The debt-ceiling fight rages on, but the final score is not in doubt, writes senior editor Igor Greenwald.
Listening to House Speaker John Boehner describe his debt ceiling bill as a bipartisan compromise yesterday reminded me how dishonest this crisis is.
There is nothing bipartisan about Boehner’s stillborn bit of partisanship, of course, unless he was drawing a distinction between Republicans and Tea Party Republicans. Boehner knew it as he spoke the words, and the reporters listening to him knew it too.
Perhaps Boehner’s plan to extend the debt ceiling by no more than a year of US borrowing needs could garner a Democratic vote or two, assuming it’s even voted on in the face of opposition from Tea Partiers. But that’s hardly the definition of bipartisan.
Beohner wasn’t even lying (pardon me, spinning) to get something done. He was doing it in defense of a bill that will be dead on arrival in the Senate should it ever pass the House, all so the Republicans could be seen as doing something.
The other side in this most dishonest of crises has also been less than straightforward, of course. Democrats have professed concern about the soaring government dent and the huge looming deficits while ruling out fundamental reform of the social safety net that is the national budget’s biggest drain. The White House has said repeatedly the government wouldn’t be able to prioritize its payments to pay bondholders first after the limit is reached even as the Treasury has been making plans to do just that.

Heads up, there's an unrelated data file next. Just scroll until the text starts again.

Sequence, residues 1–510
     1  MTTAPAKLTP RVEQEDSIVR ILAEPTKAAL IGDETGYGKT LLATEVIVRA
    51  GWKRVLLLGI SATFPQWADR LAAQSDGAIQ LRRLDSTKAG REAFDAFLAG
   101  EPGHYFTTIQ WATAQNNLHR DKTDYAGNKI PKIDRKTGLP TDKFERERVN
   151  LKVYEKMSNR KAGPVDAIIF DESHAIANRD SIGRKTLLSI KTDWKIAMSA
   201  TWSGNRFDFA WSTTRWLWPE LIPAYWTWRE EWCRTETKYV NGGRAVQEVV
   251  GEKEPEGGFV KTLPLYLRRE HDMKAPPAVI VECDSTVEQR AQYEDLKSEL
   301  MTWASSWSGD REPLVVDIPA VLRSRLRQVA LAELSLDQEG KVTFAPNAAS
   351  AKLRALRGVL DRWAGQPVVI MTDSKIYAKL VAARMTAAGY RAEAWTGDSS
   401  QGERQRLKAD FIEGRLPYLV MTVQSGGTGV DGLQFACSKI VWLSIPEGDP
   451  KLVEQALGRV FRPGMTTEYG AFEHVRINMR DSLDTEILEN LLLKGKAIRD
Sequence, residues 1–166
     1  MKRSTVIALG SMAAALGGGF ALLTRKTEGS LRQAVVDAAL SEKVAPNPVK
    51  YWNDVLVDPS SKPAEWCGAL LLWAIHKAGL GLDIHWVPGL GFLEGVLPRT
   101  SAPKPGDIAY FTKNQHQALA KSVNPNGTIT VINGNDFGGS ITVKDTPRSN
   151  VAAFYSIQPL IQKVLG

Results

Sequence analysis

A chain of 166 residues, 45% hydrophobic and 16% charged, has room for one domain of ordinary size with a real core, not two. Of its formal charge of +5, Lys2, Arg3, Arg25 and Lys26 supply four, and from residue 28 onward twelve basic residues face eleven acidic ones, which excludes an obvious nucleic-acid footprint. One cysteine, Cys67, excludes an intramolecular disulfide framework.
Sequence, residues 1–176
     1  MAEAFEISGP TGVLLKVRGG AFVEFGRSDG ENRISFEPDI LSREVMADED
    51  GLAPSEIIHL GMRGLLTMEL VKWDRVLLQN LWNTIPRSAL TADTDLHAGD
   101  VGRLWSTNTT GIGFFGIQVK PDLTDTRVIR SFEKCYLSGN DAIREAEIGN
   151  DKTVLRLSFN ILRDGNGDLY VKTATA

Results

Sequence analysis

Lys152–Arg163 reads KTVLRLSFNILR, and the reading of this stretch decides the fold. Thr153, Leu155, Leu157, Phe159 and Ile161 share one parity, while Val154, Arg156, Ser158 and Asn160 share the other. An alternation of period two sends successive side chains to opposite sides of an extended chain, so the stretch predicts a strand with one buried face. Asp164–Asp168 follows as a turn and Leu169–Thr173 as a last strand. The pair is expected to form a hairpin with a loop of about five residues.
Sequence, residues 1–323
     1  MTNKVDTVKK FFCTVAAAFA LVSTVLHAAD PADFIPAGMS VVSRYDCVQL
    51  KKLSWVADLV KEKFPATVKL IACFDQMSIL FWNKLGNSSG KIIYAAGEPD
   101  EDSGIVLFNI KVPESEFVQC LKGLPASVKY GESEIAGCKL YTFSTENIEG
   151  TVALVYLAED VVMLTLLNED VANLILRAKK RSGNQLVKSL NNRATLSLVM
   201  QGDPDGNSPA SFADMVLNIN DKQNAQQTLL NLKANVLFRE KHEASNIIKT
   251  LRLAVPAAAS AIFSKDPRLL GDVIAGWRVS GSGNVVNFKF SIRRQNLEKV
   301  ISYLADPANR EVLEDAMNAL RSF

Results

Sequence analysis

And it’s hard to argue that a default would bring about a financial apocalypse and yet oppose a Republican plan simply because it would replay the crisis in a year, instead of the 18 months you would prefer. There’s no principle involved here, only an attempt to keep the debt ceiling out of next year’s political campaign.
How will it all turn out? Like this: The debt ceiling will be raised at the last possible moment, either by Congress or unilaterally by the President relying on the 14th-amendment injunction that US debt obligations must be honored. Soon after, the US credit rating will be downgraded from AAA to AA, the debt ceiling debate having amply demonstrated Washington’s inability to compromise on budgeting in an era of yawning deficits. And bonds will remain in demand because there are not enough good alternatives, and because they’re what the Federal Reserve will buy should it decide to further stimulate a struggling economy.
These are not so much guesses as the facts already on the ground; all that remains is to cross some i’s and dot some t’s (hope you’re not expecting legible handwriting.)
Perhaps Congress will eventually get around to addressing stalling growth and persistently high unemployment. And that could make everyone nostalgic for the time when it had nothing more important than the debt ceiling to lie about.